Gov. Reeves and Mayor Lumumba, for first time, stand together as capital city faces crisis
JACKSON, Miss. (WLBT) - For the first time since the beginning of the capital city’s water crisis, Governor Tate Reeves and Jackson Mayor Chokwe Antar Lumumba stood together for a joint press conference on Thursday.
The joint-presser comes after questions were asked as to whether the two leaders were holding “dueling press conferences,” a question the mayor shot down Wednesday, saying, “That’s not how I would characterize it. What we’re trying to do is present ourselves early and often.”
Nonetheless, the two were present at the same location, the State Fairgrounds, along with other officials, including those with MEMA and the Mississippi National Guard.
Lumumba said his presence at the briefing demonstrates the “unity that is taking place” between state and local officials.
In an update, the mayor said that administrators at the O.B. Curtis Water Plant, the city’s main water treatment location, have reported that, as of Thursday morning, things were going well and that positive gains had been made.
This as news came earlier Thursday that the Environmental Protection Agency and the U.S. Army Corps of Engineers had joined the local, state, and federal response team at the plant - a result of President Joe Biden’s approval of the state’s emergency declaration.
Wednesday, the plant suffered a “setback” involving water chemistry, resulting in the depletion of the surface water tanks. Pressure had decreased to 40 PSI. The ideal PSI is at least 87.
In the latest report, the City of Jackson said the plant’s water pressure has increased to 78 PSI.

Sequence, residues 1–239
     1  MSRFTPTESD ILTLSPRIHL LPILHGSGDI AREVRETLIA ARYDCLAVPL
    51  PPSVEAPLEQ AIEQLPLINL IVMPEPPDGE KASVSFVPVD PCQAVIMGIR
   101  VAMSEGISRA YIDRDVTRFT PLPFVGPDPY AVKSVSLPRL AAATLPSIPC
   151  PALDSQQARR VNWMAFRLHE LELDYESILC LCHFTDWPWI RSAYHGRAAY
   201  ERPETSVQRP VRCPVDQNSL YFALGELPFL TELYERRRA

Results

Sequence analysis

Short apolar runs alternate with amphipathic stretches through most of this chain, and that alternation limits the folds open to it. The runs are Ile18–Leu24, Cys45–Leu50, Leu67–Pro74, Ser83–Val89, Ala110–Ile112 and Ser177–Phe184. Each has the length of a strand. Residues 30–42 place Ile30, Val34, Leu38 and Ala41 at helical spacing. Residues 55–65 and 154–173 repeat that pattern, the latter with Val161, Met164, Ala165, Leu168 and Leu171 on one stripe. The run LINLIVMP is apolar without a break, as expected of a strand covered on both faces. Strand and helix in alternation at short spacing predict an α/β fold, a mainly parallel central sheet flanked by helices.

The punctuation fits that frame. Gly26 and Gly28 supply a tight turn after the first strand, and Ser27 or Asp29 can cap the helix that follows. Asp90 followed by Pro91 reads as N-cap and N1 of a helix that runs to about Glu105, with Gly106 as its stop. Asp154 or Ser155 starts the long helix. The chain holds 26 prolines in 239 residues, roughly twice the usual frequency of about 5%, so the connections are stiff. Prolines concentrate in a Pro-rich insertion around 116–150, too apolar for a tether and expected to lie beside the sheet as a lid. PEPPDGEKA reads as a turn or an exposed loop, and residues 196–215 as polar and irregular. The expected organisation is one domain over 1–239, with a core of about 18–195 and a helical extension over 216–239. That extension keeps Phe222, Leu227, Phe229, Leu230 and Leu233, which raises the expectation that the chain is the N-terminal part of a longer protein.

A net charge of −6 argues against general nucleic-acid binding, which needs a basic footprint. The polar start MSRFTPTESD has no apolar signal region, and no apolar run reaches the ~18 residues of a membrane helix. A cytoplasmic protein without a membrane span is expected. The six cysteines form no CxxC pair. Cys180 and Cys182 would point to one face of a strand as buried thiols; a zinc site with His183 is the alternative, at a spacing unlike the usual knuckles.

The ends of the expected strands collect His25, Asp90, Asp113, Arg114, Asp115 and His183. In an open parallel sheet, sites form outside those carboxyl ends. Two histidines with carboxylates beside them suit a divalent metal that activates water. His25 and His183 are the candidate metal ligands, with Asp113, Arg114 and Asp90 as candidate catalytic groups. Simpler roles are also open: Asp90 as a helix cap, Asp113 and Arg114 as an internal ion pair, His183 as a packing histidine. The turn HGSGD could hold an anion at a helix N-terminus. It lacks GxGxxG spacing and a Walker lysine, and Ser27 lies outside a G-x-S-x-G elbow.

At the press conference, news was made as Reeves announced the launch of seven state-run water distribution sites throughout the city. The sites will be located at the State Fairgrounds, the Metrocenter Mall, Smith-Will Stadium, Thomas Cordozo Middle School, Northwest Jackson Middle School, Hinds Community College-Jackson, and Davis Rode Park.
At these “mega-sites,” there will be botted water, bulk not-drinkable water, and hand sanitizer. These sites will be open from 9 a.m. to 6:30 p.m. each day until further notice.
The new locations will be in addition to the water distribution sites already located throughout the city. Reeves called this “an extraordinary logistical effort.”
The Mississippi National Guard is also bringing in airmen and soldiers from across the state to aid in the effort. This includes 600 men and women helping to distribute water.
“In Mississippi, when crisis strikes, we realize that really we are one Mississippi. We are bound together by our common faith, our common belief, to love our neighbor as ourself...” stated Mississippi Commissioner of Agriculture and Commerce Andy Gipson, who was also in attendance at the briefing.
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